In an op-ed in the current issue of JAMA, Dr. Howard K. Koh, assistant secretary for Health for the U.S. Department of Health and Human Services (HHS), and HHS Secretary Kathleen G. Sebelius boast about the efficacy of various interventions in curbing the tobacco epidemic. Their piece specifically highlights the effectiveness of media campaigns, higher prices, and smoke-free policies in helping smokers quit. The news would be quite welcome if only it were true.
Dr. Koh and Secretary Sebelius praise the national strategic plan for tobacco control, Ending the Tobacco Epidemic: A Tobacco Control Strategic Action Plan, enacted by the HHS in 2010. The Strategic Plan, which features four pillars that guide 21 action steps, has already led to an unprecedented array of actions across HHS and the federal government, which they outline.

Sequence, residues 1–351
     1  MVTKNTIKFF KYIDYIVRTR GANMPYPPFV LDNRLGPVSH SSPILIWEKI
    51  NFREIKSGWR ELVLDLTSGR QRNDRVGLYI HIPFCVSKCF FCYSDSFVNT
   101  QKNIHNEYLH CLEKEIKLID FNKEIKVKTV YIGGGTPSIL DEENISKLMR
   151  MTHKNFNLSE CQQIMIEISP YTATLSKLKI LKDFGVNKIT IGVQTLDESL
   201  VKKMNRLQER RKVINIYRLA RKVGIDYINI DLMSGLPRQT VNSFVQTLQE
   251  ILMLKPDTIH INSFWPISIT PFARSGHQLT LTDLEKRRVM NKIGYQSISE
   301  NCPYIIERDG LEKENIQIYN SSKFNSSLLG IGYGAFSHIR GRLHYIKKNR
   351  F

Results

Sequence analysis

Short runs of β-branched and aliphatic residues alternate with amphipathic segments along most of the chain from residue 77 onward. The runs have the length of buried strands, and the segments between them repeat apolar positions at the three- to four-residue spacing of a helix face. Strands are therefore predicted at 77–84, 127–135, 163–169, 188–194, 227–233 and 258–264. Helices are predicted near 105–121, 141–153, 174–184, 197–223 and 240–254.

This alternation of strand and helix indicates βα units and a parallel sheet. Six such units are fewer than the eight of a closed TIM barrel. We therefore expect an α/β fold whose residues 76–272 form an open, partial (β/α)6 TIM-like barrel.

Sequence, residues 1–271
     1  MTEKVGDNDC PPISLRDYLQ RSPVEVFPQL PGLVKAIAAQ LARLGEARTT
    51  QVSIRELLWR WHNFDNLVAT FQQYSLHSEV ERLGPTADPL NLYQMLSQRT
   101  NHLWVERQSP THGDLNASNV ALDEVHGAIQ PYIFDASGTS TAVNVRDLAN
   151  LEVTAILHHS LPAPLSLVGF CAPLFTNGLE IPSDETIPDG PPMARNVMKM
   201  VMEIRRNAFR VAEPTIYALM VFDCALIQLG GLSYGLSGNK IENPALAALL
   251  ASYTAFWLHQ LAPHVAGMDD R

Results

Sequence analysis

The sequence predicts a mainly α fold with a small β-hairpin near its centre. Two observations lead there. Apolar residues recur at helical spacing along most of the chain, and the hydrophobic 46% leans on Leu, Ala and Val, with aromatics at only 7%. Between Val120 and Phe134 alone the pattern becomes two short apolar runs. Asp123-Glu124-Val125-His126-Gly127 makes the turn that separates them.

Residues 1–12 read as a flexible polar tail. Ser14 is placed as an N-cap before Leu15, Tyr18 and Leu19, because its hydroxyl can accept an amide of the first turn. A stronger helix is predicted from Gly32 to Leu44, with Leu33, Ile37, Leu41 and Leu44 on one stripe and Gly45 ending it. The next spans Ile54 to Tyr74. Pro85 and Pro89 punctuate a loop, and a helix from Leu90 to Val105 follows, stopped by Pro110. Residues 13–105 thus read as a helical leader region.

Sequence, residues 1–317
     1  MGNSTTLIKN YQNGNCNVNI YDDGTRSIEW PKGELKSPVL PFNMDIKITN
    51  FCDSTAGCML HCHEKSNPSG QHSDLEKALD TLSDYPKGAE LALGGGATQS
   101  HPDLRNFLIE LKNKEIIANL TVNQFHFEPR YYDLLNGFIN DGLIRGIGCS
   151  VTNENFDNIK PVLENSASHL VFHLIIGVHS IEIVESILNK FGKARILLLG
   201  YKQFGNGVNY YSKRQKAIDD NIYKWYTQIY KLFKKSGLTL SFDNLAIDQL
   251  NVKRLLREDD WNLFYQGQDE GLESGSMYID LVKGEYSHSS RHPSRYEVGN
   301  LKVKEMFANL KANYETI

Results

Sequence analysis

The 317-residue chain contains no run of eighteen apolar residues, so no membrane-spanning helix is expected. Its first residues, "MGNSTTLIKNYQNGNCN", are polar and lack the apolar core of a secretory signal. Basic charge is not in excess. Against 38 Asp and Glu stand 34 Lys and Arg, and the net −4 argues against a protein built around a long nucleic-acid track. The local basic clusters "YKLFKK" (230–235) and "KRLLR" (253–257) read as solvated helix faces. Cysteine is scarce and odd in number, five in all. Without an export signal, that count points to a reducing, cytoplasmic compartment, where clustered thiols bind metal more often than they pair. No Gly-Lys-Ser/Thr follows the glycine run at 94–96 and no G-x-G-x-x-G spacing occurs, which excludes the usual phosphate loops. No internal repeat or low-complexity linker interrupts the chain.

The authors cite efforts to curb tobacco use such as, increased Medicare and Medicaid coverage for tobacco cessation counseling, extra funds awarded to states to enforce limitations on tobacco marketing and enact distribution laws focused on ID verification, and new campaigns like Tips from Former Smokers.
Almost everything this article says is either misleading or distorted, with the ostensible benefits of these programs wildly exaggerated, such as increasing funding for quitlines via Medicaid. Quitlines increase cessation minimally if at all, says Dr. Ross. Increasing smoking awareness campaigns and support groups will save exactly zero smokers. Unfortunately, this essay is self-praising and misguided much like that of FDA Commissioner Dr. Margaret Hamburg s Reuters op-ed last month.